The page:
Kolmogorov complexity makes reward learning worse
discussion post by Stuart Armstrong 107 days ago | discuss

A putative new idea for AI control; index here.

In a previous post, I argued that Kolmogorov complexity/simplicity priors do not help when learning human values - that some extreme versions of the reward or planners were of roughly equal complexity.

Here I’ll demonstrate that it’s even worse than that: the extreme versions are likely simpler than a “reasonable” one would be.

Of course, as with any statement about Kolmogorov complexity, this is dependent on the computer language used. But I’ll aim to show that for a “reasonable” language, the result holds.

So let $$(p, R)$$ be a reasonable pair that encodes what we want to encode in human rationality and reward. It is compatible with the human policy $$\pi_H$$, in that $$p(R)=\pi_H$$.

Let $$(p_r, R_r)$$ be the compatible pair where $$p_r$$ is the rational Bayesian expected reward maximiser, with $$R_r$$ the corresponding reward so that $$p_r(R_r)=\pi_H$$.

Let $$(p_i, 0)$$ be the indifferent planner (indifferent to the choice of reward), chosen so that $$p_i(R')=\pi_H$$ for all $$R'$$. The reward $$0$$ is the trivial reward.

# Information content present in each pair

The planer $$p_i$$ is simply a map to $$\pi_H$$, so the only information in $$p_i$$ (and $$(p_i, 0)$$) is the definition of $$\pi_H$$.

The policy $$\pi_H$$ and the brief definition of an expected reward maximiser $$p_r$$ are the only information content in $$(p_r, R_r)$$.

On the other hand, $$(p, R)$$ defines not only $$\pi_H$$, but, at every action, it defines the bias or inefficiency of $$\pi_H$$, as the difference between the value of $$\pi_H$$ and the ideal $$R$$-maximising policy $$\pi_R$$. This is a large amount of information, including, for instance, every single human bias and example of bounded rationality.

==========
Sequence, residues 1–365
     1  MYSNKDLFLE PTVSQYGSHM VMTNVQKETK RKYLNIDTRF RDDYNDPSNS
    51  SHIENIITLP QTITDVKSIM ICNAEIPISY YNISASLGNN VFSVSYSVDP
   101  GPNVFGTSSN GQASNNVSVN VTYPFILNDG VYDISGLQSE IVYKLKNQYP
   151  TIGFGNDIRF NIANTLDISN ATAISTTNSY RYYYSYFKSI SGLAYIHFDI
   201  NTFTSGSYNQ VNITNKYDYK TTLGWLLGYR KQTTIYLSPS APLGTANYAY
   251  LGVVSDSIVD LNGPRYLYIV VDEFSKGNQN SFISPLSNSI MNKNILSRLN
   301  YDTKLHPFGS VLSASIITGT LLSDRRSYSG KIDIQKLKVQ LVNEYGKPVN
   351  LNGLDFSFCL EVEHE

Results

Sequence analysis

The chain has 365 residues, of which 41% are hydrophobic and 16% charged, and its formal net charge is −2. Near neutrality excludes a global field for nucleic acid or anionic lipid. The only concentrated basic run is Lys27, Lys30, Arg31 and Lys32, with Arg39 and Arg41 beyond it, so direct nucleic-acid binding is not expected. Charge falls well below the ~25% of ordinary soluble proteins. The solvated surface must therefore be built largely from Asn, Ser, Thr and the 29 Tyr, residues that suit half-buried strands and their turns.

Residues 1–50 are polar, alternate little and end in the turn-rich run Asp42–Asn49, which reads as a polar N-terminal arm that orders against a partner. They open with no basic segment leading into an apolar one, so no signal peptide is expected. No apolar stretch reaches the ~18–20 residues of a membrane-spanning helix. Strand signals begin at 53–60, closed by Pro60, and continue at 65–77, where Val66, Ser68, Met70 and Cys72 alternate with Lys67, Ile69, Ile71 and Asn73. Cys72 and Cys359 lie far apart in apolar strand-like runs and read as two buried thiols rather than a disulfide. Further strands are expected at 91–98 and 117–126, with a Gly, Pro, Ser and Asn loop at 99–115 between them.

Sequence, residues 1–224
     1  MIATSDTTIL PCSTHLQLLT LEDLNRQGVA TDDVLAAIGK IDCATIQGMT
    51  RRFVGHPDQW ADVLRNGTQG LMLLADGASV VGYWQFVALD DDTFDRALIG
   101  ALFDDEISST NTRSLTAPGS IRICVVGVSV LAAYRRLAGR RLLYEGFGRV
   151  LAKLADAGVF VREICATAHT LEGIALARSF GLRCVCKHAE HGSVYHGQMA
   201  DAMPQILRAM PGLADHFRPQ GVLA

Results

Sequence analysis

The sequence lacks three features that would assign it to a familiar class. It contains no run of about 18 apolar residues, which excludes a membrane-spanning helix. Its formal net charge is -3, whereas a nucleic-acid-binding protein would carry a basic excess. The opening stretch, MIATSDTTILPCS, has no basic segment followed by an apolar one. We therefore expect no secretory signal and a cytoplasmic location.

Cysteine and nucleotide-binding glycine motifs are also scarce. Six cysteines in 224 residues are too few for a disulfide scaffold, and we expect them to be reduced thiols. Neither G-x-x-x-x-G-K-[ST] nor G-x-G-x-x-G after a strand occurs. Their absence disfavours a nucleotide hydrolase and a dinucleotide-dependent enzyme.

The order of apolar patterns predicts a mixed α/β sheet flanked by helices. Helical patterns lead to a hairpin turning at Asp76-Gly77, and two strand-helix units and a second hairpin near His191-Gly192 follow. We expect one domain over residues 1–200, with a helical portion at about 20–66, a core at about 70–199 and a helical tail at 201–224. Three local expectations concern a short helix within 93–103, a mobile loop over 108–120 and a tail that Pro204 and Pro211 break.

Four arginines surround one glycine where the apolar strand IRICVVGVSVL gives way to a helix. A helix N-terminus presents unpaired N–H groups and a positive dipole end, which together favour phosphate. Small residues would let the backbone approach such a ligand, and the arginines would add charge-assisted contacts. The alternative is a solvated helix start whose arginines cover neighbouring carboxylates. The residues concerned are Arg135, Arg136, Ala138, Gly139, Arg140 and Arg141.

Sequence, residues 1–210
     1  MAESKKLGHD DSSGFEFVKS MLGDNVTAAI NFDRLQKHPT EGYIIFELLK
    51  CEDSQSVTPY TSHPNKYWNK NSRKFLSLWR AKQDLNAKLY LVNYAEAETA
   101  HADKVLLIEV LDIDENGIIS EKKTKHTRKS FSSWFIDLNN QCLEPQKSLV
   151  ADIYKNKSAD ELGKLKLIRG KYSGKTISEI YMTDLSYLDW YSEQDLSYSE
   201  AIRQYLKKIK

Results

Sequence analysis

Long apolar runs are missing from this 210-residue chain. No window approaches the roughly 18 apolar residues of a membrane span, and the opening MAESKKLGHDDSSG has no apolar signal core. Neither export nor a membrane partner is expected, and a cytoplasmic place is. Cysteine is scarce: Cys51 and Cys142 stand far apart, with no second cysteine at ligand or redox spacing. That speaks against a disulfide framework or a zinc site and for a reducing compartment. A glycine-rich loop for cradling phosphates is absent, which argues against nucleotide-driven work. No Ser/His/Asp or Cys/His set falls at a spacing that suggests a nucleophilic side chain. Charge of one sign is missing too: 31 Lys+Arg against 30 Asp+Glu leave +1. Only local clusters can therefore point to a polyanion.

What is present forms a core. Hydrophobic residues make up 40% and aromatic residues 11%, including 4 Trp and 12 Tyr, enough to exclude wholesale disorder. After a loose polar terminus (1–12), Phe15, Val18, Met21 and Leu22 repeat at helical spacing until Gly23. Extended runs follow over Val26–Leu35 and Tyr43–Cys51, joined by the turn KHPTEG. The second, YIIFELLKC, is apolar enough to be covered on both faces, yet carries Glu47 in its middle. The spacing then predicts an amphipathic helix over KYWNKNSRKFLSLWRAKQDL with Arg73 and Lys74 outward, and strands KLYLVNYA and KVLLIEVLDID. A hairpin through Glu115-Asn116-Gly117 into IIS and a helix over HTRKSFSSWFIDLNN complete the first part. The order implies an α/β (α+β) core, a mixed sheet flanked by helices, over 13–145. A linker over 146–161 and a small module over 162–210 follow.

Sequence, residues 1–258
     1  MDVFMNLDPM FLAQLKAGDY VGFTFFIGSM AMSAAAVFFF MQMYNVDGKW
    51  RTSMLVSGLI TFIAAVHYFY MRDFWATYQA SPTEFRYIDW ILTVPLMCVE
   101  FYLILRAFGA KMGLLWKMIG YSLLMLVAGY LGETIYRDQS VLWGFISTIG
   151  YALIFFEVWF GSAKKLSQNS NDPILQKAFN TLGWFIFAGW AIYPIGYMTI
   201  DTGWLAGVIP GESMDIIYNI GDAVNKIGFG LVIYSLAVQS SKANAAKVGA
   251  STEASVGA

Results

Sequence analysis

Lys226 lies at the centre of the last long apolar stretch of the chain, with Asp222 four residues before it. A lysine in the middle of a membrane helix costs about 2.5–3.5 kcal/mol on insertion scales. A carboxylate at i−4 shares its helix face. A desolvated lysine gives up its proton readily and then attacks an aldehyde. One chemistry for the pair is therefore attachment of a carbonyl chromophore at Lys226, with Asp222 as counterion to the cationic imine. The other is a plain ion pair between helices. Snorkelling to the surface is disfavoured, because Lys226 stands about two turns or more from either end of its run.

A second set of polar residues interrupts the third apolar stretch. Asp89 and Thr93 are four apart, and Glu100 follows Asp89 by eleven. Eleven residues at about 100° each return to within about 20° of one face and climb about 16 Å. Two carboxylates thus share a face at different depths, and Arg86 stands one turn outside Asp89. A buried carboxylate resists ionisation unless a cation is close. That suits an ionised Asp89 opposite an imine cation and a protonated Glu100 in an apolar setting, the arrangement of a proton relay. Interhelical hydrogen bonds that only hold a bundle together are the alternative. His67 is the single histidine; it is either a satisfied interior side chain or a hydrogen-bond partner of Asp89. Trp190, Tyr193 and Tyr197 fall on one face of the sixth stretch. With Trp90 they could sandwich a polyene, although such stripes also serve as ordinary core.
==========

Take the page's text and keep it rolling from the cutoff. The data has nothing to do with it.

None of the other pairs have this information (there’s no such thing as bias for the flat reward $$0$$, nor for the expected reward maximiser $$p_r$$), so $$(p, R)$$ contains a lot more information than the other pairs, so we expect it to have higher Kolmogorov complexity.

### NEW DISCUSSION POSTS

[Delegative Reinforcement
 by Vadim Kosoy on Stable Pointers to Value II: Environmental Goals | 1 like

Intermediate update: The
 by Alex Appel on Further Progress on a Bayesian Version of Logical ... | 0 likes

Since Briggs [1] shows that
 by 258 on In memoryless Cartesian environments, every UDT po... | 2 likes

This doesn't quite work. The
 by Nisan Stiennon on Logical counterfactuals and differential privacy | 0 likes

I at first didn't understand
 by Sam Eisenstat on An Untrollable Mathematician | 1 like

This is somewhat related to
 by Vadim Kosoy on The set of Logical Inductors is not Convex | 0 likes

This uses logical inductors
 by Abram Demski on The set of Logical Inductors is not Convex | 0 likes

Nice writeup. Is one-boxing
 by Tom Everitt on Smoking Lesion Steelman II | 0 likes

Hi Alex! The definition of
 by Vadim Kosoy on Delegative Inverse Reinforcement Learning | 0 likes

A summary that might be
 by Alex Appel on Delegative Inverse Reinforcement Learning | 1 like

I don't believe that
 by Alex Appel on Delegative Inverse Reinforcement Learning | 0 likes

This is exactly the sort of
 by Stuart Armstrong on Being legible to other agents by committing to usi... | 0 likes

When considering an embedder
 by Jack Gallagher on Where does ADT Go Wrong? | 0 likes

The differences between this
 by Abram Demski on Policy Selection Solves Most Problems | 1 like

Looking "at the very
 by Abram Demski on Policy Selection Solves Most Problems | 0 likes